Yes, the Palestinian Authority Allocated $360 Million to Rewarding Terrorists

June 13 2018

Thanks to the Taylor Force Act, signed into law in March, more public attention has been focused on the Palestinian Authority’s policy of paying salaries to those who are in Israeli jails for committing acts of terror, as well as to the families of those who died carrying out violent attacks. Yet some mainstream journalists in the U.S. have protested that some of the money the PA allocates for this purpose goes to political prisoners, common criminals who happen to be in Israeli jails, and innocents unjustly arrested. Sander Gerber and Yossi Kuperwasser set the record straight:

The Palestinian Authority is a terror-sponsoring entity under any definition. [Its] laws rewarding imprisoned terrorists stipulate that they are not criminals, but fighters in a conflict. To claim that the PA sends money to car thieves or even minor offenders is simply untrue. The PA has a schedule for payments, and you need to achieve a five-year sentence as a male, and a two-year sentence as a female, to get a lifetime annuity. Currently there are 6,500 prisoners being compensated by the PA.

The PA is making no secret of its sponsorship for terrorists at the expense of America’s taxpayers. . . .

The [PA’s] Institution for the Care of Martyrs is a slightly more complicated story. It is true that “martyrs” include those who become victims of collateral damage, just as they include suicide bombers or any other terrorist who died in the context of the ongoing Palestinian war against Zionism. The minimum payment for a martyr’s dependents is more than 2.5 times the maximum payment for families on welfare. Martyrs’ financial annuities go not merely to support the dependents, but to glorify and cherish the murderers’ memory, and to incentivize family members to commit further attacks against Israel.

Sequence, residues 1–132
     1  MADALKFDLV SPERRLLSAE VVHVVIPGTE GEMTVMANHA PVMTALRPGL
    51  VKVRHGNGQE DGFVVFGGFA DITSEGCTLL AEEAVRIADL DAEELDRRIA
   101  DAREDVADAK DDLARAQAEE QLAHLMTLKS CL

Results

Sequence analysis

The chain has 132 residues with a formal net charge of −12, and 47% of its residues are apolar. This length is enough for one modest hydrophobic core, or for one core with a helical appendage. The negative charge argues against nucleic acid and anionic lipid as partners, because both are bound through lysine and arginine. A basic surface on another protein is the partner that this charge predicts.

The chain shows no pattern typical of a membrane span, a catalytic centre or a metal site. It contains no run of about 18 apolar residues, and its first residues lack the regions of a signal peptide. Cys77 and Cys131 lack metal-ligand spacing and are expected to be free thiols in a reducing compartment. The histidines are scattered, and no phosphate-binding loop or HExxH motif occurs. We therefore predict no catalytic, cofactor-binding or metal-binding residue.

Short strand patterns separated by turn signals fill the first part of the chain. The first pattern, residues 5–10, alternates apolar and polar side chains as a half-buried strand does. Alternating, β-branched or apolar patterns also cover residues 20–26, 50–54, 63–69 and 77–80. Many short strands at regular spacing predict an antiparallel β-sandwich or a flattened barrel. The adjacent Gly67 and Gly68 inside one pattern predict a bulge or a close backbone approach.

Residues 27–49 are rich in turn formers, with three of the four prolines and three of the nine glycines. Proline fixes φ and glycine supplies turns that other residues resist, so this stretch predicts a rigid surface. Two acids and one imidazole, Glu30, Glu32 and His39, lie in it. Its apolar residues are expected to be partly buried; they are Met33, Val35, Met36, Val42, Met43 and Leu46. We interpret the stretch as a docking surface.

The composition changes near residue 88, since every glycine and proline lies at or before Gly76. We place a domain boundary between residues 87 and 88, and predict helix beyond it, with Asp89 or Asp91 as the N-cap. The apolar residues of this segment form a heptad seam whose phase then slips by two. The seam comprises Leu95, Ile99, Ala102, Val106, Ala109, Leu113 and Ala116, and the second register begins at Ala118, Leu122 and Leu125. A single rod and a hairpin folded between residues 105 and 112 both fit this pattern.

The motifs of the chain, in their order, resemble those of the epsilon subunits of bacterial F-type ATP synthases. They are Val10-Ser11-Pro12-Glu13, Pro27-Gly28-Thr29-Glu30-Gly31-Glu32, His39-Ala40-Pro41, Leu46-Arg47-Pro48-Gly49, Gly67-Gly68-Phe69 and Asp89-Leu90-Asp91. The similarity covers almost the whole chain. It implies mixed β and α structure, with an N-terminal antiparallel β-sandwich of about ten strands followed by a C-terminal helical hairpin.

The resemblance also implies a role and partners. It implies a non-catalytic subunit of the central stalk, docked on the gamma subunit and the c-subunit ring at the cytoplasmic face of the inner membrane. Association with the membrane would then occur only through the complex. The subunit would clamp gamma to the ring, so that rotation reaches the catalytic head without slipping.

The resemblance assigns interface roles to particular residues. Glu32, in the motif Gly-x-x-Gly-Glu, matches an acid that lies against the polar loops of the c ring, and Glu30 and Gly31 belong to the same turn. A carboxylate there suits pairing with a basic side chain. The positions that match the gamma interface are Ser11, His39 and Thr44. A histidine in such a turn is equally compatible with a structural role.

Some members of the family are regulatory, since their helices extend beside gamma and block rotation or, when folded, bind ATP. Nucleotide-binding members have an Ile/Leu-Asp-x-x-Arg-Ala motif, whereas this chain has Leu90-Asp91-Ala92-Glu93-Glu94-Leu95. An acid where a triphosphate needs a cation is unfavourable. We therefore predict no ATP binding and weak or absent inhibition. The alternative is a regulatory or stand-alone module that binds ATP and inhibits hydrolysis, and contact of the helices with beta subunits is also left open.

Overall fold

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Read more at Washington Examiner

More about: Israel & Zionism, Palestinian Authority, Palestinian terror, U.S. Foreign policy

What Egypt’s Withdrawal from the “Arab NATO” Signifies for U.S. Strategy

A few weeks ago, Egypt quietly announced its withdrawal from the Middle East Strategic Alliance (MESA), a coalition—which also includes Jordan, the Gulf states, and the U.S.—founded at President Trump’s urging to serve as an “Arab NATO” that could work to contain Iran. Jonathan Ariel notes three major factors that most likely contributed to Egyptian President Sisi’s abandonment of MESA: his distrust of Donald Trump (and concern that Trump might lose the 2020 election) and of Saudi Arabia’s Crown Prince Mohammad bin Salman; Cairo’s perception that Iran does not pose a major threat to its security; and the current situation in Gaza:

Gaza . . . is ruled by Hamas, defined by its covenant as “one of the wings of the Muslim Brotherhood in Palestine.” Sisi has ruthlessly persecuted the Brotherhood in Egypt. [But] Egypt, despite its dependence on Saudi largesse, has continued to maintain its ties with Qatar, which is under Saudi blockade over its unwillingness to toe the Saudi line regarding Iran. . . . Qatar is also supportive of the Muslim Brotherhood, . . . and of course Hamas.

[Qatar’s ruler] Sheikh Tamim is one of the key “go-to guys” when the situation in Gaza gets out of hand. Qatar has provided the cash that keeps Hamas solvent, and therefore at least somewhat restrained. . . . In return, Hamas listens to Qatar, which does not want it to help the Islamic State-affiliated factions involved in an armed insurrection against Egyptian forces in northern Sinai. Egypt’s military is having a hard enough time coping with the insurgency as it is. The last thing it needs is for Hamas to be given a green light to cooperate with Islamic State forces in Sinai. . . .

Over the past decade, ever since Benjamin Netanyahu returned to power, Israel has also been gradually placing more and more chips in its still covert but growing alliance with Saudi Arabia. Egypt’s decision to pull out of MESA should give it cause to reconsider. Without Egypt, MESA has zero viability unless it is to include either U.S. forces or Israeli ones. [But] one’s chances of winning the lottery seem infinitely higher than those of MESA’s including the IDF. . . . Given that Egypt, the Arab world’s biggest and militarily most powerful state and its traditional leader, has clearly indicated its lack of confidence in the Saudi leadership, Israel should urgently reexamine its strategy in this regard.

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Read more at BESA Center

More about: Egypt, Gaza Strip, Qatar, Saudi Arabia, U.S. Foreign policy